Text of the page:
Why? Because in a rapidly changing environment we need the people to give us feedback from every part of the production line at any time needed. In this complex environment, things may come up, change and develop differently all throughout the production line. Therefore we need the people to be aware, to raise flags. We need the problems to be identified fast, as well as the solutions. We can only do so when we have the right mindset. Only when they are on board, know what they need to do and why. In this complex environment we need all the different professional perspectives to be available to us for fast decision making. We need to know where to use our tools according to accurate feedback and recognized bottlenecks, what to change and why. Without the right people and mindset we will be limited in our ability to do so. In order to reach this state all these people need to work together to create this culture of collaboration for delivering high value fast. Without the right mindset we may still succeed, but we still be generating much waste in the process and reach our goals slower then we could have.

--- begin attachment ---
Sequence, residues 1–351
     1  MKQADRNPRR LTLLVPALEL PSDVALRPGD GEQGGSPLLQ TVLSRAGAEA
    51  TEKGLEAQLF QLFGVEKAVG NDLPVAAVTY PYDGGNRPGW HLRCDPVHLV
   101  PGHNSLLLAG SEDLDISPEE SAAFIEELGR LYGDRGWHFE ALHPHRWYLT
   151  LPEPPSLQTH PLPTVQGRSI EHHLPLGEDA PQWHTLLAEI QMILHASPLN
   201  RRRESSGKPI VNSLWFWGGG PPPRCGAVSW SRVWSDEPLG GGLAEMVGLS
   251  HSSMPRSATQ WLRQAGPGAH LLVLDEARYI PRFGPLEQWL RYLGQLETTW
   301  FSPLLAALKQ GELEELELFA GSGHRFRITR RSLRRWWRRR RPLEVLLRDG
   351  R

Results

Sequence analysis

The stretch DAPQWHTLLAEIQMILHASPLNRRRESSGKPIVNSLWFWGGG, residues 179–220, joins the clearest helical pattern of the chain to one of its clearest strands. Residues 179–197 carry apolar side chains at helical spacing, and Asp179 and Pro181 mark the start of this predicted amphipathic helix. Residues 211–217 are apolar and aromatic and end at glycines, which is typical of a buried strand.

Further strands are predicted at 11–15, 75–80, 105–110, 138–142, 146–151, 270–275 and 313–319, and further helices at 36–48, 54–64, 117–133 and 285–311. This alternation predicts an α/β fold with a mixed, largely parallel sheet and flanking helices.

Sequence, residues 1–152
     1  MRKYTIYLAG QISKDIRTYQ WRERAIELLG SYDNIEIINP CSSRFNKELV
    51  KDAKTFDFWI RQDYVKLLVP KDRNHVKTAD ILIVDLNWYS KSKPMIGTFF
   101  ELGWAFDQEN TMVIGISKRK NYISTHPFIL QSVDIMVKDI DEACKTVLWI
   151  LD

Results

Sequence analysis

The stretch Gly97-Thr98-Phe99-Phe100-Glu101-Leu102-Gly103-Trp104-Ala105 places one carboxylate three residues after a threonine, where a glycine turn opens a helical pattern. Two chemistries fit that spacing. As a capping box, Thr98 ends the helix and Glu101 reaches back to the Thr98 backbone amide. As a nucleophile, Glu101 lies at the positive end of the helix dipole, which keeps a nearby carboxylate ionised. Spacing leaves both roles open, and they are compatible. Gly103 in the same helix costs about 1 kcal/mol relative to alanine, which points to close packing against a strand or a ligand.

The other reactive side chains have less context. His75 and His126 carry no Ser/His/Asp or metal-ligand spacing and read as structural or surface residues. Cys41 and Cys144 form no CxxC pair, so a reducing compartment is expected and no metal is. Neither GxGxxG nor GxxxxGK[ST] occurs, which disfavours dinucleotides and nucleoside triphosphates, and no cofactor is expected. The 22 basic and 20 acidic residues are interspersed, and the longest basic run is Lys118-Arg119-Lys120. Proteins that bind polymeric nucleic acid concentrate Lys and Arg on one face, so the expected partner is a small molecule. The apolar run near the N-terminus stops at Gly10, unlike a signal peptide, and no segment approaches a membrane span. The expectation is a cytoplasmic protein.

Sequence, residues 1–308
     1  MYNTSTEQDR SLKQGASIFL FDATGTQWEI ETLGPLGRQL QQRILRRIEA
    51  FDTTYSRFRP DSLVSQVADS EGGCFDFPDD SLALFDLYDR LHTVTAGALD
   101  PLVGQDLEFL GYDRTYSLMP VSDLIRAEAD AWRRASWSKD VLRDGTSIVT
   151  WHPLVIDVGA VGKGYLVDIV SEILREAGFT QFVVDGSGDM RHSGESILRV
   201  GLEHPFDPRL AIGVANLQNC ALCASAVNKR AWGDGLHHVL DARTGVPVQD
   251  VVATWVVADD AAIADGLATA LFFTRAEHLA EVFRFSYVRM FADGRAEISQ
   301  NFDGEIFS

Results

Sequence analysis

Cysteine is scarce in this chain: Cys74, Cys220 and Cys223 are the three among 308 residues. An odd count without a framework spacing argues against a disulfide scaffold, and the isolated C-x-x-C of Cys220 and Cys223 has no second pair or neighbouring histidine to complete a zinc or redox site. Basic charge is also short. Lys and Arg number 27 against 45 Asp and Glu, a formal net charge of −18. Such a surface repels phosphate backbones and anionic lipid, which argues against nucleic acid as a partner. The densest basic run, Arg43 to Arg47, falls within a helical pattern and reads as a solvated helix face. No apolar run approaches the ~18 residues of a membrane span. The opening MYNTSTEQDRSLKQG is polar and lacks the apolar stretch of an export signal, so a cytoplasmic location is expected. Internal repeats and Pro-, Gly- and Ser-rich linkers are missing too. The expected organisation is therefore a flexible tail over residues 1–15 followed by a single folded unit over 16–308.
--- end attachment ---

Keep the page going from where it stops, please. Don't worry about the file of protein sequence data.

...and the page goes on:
In some extreme cases (and I have seen such) the entire organization will be stuck due to lack of collaboration, to the point of not being able to deliver.

So what is DevOps?

"DevOps means that there are no walls, no gates, no transitions, and no ceremony between Development and Operations. They are seamlessly integrated (when viewed from ’above‘) into a single, value delivering, IT entity." 
“(DevOps is)…an integrated approach to software delivery that include process, tools, technology, resources.”

DevOps includes rapid collaborative development without hassles, continuous testing, continuous deployment and continuous monitoring and it can't work without a proper mindset in place, one that aims to allow everyone to collaborate to deliver value faster.

1 comment: